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Padilla Retroactivity Taken Up

In 2010, the US Supreme Court held in Padilla v. Kentucky that a guilty plea could be attacked on the ground that the defense lawyer inadequately advised the defendant about the immigration consequences of the conviction.  That case was decided on collateral review in the state courts, and the state court chose to reject the claim on the merits rather than on retroactivity grounds, so the U.S. Supreme Court did not consider retroactivity.  Today, the Court took up the question of whether that decision will be applied retroactively to overturn other convictions that were already final on appeal when Padilla was decided.  The new case is Chaidez v. United States.  Docket page is here.  SCOTUSblog page is here.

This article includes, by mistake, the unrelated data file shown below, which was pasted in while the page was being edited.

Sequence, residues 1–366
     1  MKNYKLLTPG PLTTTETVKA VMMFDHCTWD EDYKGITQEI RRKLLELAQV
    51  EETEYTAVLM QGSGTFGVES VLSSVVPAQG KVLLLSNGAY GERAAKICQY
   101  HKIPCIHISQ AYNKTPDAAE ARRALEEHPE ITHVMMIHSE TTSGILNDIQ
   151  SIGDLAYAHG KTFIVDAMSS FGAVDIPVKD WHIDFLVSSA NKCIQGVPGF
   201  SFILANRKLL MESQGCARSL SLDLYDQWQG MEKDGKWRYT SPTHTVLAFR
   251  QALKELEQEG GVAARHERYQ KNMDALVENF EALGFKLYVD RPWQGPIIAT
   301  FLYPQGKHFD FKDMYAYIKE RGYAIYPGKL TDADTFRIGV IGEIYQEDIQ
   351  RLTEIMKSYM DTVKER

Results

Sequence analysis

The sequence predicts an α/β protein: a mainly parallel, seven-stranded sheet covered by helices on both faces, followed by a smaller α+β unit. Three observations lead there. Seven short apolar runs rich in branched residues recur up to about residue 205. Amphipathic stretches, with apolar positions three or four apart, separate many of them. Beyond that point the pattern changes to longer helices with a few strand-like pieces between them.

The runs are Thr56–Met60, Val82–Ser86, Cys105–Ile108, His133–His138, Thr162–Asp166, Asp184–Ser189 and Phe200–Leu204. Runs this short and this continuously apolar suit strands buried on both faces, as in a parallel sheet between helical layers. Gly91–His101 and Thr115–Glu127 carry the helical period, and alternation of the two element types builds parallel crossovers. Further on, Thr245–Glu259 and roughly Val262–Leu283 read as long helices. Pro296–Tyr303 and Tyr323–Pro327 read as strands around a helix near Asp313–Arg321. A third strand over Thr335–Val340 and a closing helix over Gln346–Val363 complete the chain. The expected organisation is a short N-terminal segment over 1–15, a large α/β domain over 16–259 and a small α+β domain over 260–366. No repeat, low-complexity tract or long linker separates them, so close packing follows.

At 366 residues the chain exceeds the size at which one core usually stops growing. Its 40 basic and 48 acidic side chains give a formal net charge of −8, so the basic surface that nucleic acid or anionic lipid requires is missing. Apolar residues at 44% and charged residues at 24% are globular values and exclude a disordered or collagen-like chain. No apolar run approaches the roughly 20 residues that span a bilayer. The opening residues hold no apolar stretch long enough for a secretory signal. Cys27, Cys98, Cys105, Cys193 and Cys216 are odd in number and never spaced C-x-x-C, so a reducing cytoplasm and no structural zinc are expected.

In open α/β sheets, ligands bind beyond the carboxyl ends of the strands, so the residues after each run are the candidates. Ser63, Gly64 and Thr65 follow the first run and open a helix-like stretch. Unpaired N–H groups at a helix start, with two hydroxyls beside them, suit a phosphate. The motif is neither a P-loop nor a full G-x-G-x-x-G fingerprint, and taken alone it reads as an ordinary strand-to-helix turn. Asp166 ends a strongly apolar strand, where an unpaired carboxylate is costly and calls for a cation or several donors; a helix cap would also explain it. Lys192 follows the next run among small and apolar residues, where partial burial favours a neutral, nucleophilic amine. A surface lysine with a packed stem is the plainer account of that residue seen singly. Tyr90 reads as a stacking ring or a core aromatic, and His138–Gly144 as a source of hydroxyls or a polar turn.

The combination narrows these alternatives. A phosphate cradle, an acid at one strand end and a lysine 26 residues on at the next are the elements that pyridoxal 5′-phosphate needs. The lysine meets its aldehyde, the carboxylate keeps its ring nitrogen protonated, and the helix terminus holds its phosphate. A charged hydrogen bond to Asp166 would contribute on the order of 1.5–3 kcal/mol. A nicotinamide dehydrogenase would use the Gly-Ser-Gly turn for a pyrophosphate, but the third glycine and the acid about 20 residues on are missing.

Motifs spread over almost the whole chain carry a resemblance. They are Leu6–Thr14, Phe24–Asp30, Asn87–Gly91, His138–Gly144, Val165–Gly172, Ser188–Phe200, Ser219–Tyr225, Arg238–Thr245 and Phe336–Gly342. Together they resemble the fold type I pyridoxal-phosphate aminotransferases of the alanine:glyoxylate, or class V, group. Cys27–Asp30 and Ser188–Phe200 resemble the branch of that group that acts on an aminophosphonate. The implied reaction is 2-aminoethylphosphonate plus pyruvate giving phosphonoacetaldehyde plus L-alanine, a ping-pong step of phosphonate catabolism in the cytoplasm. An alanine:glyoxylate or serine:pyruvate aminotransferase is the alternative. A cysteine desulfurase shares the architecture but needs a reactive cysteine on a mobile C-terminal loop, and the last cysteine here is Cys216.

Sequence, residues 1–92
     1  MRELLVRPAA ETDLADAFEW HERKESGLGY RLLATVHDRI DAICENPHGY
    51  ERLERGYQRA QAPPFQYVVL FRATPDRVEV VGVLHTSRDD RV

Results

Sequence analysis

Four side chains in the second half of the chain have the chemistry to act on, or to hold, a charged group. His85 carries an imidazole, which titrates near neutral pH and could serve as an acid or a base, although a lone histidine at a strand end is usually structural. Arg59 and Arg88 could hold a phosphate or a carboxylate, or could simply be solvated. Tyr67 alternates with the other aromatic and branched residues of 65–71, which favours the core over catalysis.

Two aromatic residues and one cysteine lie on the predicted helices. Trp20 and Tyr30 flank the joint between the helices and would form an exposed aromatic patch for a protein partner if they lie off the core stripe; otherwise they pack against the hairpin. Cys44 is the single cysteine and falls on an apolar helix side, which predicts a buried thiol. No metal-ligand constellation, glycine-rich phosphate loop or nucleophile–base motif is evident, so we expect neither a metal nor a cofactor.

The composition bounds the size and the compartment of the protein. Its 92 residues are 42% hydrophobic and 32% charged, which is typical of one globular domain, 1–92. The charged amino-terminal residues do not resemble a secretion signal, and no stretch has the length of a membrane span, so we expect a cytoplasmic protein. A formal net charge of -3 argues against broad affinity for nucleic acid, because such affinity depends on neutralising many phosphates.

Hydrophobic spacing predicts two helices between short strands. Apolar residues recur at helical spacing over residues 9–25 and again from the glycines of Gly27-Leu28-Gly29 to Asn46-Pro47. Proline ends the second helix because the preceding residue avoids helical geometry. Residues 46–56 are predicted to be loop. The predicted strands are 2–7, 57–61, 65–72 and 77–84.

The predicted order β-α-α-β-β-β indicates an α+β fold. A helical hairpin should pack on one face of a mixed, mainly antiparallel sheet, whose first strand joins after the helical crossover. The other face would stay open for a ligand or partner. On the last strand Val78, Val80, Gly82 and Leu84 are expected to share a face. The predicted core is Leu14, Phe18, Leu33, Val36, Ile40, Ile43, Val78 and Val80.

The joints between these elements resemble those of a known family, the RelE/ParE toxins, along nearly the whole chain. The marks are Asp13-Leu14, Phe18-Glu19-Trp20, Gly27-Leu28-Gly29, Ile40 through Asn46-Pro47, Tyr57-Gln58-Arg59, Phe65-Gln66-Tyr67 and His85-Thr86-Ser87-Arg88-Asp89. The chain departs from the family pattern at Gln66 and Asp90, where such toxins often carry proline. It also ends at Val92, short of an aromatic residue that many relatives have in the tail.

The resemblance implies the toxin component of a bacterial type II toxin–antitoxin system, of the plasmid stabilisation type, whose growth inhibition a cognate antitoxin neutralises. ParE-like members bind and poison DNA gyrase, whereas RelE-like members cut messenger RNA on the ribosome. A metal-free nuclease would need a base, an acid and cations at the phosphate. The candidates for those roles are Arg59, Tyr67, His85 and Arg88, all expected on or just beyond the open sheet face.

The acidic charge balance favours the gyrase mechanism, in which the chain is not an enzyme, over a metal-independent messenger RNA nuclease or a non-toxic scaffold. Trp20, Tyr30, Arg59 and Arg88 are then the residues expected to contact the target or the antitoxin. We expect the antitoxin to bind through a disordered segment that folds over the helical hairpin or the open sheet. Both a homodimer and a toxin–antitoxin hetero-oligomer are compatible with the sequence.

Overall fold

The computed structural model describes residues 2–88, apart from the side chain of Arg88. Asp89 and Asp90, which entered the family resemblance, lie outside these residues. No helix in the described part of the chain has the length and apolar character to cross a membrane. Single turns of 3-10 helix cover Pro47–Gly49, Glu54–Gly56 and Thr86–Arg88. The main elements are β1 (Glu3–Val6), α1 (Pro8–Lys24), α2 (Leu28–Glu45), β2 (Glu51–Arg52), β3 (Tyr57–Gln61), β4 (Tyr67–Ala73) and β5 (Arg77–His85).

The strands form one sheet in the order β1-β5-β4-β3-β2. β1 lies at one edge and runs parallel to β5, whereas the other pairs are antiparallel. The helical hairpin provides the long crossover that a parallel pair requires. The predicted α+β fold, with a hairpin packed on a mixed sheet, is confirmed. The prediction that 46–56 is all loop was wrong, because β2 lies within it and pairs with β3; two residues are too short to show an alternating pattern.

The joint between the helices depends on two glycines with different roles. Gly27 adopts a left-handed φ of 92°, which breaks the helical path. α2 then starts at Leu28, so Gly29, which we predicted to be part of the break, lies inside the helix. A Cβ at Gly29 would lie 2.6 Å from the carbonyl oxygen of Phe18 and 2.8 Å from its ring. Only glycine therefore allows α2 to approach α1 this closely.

Because this case is a federal prosecution -- not federal habeas review of a state case -- it involves only the rule of Teague v. Lane, 489 U.S. 288 (1989), not the different but often overlapping rule of 28 U.S.C. ยง2254(d).

The Teague question is an easy one if the Court is faithful to its precedents.  Of course Padilla is a new rule for Teague.  The Court could not hold otherwise without eviscerating Teague.


My guess is that there are at least four votes for retroactivity.

I know it would be futile, and I know they won't, but nonetheless I wish the government would include an argument that the 7th circuit should be affirmed also because Padilla was wrongly decided in the first place.

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